All other states and nations have adopted the principle that any action is legitimate as long as it serves the interest of the state. Acts of cunning and violence that would be punished by ostracism or execution if practiced by an individual for selfish gain are rewarded with laurels and civic honors if they are committed for what is alleged to be the welfare of the state. The laws of morality apply only in private life, wheras in politics and diplomancy the only recognized law is that of national self-interest.

Here, by contrast, the last will and testament on which the Jewish people was founded pronounces a curse on cunning and violence, even if they are used for the nation's most legitimate interests, and it sets down for all time the doctrine that even in public life and in the promotion if the common good, not only must the ends be pure, but so must be the means."
I truly wonder what he would say had he been around today to see the founding of the Israeli state and the various wars and conflicts since then.

Monday, January 12, 2009

a time travelers case for the 100% gold standard

Because fiat money makes it too difficult to time travel.

This point was well illustrated in Back to the Future II, in the scene where, or should I say when, Marty and Doc are in the 50's, and Doc opens up an attache case containing various denominations spanning different time periods, so as to prevent an intertemporal incident in which the errant time traveler attempts to pay a present debt with future fiat money.

In contrast, Alex, the protagonist of Robert Heinlien's Job: A Comedy of Justice is wont to carry his lifes' savings on his person at all times in the form of gold coins. The reason for this odd behavior is in response to an especially cruel Supreme Being, who like a cat toying with a mouse, is continuously whisking Alex from one parallel universe to the next as soon as Alex is getting in the swing of things. (Apparently this malicious God is capable of remapping objects in the multiverse, but won't strip Alex of his vestments in the process.)

If there ever was a cause that fellow time-travelers and world-walkers could unite behind, this is it.

Sunday, December 28, 2008

counter-historical fiction

I have just finished reading the fourth and final book in the Time's Tapestry series by Stephen Baxter. Overall, I find that the series is unlike the typical scifi novels I have read in the past and come to love. I would not say that I found the books boring, but I wouldn't recommend these to any scifi-reading friends unless I knew they had an earnest appreciation for millennia-spanning history lectures squeezed into the novel format.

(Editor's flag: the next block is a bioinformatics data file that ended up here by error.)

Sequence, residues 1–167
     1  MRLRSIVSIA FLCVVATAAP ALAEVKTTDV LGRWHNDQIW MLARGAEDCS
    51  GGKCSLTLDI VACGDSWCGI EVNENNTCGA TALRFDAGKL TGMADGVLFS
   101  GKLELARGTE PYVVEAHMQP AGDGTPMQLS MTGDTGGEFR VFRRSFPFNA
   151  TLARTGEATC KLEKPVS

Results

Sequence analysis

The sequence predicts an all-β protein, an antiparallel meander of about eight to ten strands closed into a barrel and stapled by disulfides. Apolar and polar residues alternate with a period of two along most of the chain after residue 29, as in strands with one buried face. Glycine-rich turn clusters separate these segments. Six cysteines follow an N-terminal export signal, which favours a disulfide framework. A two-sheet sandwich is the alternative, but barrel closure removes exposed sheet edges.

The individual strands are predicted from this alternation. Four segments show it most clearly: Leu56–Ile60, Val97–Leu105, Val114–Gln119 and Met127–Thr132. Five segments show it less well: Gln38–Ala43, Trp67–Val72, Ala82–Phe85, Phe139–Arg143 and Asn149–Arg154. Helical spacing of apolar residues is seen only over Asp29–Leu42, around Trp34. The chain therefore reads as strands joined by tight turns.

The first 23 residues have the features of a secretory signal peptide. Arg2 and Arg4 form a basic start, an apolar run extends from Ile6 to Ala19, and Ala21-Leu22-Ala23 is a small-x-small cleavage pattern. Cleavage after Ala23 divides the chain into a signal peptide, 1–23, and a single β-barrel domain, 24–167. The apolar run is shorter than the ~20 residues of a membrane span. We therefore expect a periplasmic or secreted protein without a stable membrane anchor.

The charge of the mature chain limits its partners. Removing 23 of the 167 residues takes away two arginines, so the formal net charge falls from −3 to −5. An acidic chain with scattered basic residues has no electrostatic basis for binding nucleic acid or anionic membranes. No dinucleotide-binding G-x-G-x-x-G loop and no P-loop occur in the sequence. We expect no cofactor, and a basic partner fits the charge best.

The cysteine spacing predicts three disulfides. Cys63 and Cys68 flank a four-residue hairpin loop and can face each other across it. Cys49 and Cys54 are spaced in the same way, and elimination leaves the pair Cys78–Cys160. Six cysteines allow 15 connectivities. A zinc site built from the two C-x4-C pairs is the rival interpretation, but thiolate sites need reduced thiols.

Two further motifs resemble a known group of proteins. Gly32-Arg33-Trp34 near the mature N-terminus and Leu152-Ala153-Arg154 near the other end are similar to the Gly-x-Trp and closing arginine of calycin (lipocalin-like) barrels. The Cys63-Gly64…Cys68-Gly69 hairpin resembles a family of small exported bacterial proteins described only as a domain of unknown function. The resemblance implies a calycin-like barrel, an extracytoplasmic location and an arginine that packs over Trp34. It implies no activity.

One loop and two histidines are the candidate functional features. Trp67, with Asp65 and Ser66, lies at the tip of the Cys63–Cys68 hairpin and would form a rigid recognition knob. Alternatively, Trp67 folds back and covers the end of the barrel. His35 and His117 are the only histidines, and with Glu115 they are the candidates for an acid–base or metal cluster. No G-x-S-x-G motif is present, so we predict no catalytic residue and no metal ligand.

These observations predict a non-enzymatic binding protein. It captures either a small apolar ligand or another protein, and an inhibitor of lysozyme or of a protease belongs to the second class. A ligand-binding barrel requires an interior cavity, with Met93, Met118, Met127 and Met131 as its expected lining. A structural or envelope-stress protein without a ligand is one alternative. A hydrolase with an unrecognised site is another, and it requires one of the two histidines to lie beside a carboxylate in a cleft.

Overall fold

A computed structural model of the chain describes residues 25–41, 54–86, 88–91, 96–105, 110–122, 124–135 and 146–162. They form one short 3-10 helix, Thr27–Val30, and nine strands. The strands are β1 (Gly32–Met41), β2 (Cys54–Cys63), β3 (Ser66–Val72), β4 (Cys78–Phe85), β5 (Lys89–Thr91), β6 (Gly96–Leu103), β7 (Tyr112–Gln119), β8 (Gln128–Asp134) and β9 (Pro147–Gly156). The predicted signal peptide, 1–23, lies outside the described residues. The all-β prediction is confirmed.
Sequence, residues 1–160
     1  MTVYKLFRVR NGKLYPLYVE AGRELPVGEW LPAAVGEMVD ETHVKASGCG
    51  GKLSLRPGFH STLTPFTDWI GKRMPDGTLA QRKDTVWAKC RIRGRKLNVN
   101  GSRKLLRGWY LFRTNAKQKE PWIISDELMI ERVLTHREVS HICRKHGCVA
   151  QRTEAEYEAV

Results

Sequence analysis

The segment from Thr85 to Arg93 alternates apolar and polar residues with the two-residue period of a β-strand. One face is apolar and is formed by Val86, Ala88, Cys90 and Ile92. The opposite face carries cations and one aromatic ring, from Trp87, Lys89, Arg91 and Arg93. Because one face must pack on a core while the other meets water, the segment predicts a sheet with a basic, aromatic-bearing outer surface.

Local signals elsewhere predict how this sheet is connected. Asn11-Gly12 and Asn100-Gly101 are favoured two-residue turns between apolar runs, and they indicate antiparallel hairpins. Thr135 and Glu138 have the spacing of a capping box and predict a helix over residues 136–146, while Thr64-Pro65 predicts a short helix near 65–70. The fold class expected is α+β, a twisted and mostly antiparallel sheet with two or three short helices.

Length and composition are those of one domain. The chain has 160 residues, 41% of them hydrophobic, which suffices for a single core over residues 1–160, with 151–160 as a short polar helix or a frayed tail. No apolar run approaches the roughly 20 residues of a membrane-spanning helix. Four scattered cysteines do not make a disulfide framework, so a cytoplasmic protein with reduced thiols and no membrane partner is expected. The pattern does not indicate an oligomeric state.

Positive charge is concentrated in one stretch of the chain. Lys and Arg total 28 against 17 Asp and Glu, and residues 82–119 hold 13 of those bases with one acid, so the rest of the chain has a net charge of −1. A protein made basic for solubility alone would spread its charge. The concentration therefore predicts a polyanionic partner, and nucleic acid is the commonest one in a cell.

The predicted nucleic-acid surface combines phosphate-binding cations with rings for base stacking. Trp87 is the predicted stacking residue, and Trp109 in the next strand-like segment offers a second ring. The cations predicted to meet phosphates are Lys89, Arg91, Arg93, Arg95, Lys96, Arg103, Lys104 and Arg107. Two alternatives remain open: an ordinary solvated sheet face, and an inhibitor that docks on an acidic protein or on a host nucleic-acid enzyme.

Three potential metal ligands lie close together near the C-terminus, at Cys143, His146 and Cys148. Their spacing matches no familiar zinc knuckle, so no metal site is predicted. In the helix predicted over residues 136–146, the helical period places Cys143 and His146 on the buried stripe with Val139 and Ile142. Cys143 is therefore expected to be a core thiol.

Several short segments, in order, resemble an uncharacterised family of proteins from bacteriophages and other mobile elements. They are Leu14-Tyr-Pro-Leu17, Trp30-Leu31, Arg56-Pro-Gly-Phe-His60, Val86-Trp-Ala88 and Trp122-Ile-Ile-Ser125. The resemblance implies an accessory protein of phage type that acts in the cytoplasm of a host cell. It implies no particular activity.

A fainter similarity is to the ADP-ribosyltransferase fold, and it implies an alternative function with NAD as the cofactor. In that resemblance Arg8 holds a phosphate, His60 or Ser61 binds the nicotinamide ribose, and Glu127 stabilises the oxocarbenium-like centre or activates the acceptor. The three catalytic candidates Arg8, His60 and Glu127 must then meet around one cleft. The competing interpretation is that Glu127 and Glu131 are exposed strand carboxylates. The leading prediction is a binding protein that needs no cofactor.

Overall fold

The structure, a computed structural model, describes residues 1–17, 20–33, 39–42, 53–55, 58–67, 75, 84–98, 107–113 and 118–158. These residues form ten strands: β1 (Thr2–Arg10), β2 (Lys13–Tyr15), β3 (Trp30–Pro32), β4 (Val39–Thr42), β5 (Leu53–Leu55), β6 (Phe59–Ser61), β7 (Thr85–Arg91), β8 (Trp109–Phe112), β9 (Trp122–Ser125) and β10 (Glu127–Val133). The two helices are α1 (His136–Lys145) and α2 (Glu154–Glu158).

The first book of the series is titled Emperor and the setting spans the course of Pre-Roman through Post-Roman historical England with fictional protagonists cast among famous historical figures. The pace of the story is that which will suddenly jump a century or two forward between chapters, and likewise, the following two books, Conqueror and Navigator follow the same breakneck speed.

Conqueror, still set in the England, follows a new group of fictional characters and recounts the invasions of the Vikings, the Normans, and the Germanic Saxons, though not necessarily in that order.

Navigator takes the reader through the Crusades, the back-and-forth conquests of Moorish Spain and the Iberian Peninsula, and culminates with the famous sea expeditions of trying to navigate the Atlantic passage to India and the far east.

Weaver slows the pace down significantly to follow a single group of main characters, who more or less make it through the entire novel and is firmly entrenched in World War II England under Nazi occupation. In this novel, we finally meet the fellows who tamper with the history of the first three books, but I will have to say I was disillusioned with this climatic element; metaphorically speaking it was more akin a bottle rocket that fizzles in disappointment than the atomic explosion of brilliance I patiently awaited.